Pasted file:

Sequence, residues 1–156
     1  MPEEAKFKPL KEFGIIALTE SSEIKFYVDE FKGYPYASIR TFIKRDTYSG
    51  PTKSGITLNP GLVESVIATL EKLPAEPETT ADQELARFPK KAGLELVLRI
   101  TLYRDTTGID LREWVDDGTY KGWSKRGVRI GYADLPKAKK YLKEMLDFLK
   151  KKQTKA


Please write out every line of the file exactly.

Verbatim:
Sequence, residues 1–156
     1  MPEEAKFKPL KEFGIIALTE SSEIKFYVDE FKGYPYASIR TFIKRDTYSG
    51  PTKSGITLNP GLVESVIATL EKLPAEPETT ADQELARFPK KAGLELVLRI
   101  TLYRDTTGID LREWVDDGTY KGWSKRGVRI GYADLPKAKK YLKEMLDFLK
   151  KKQTKA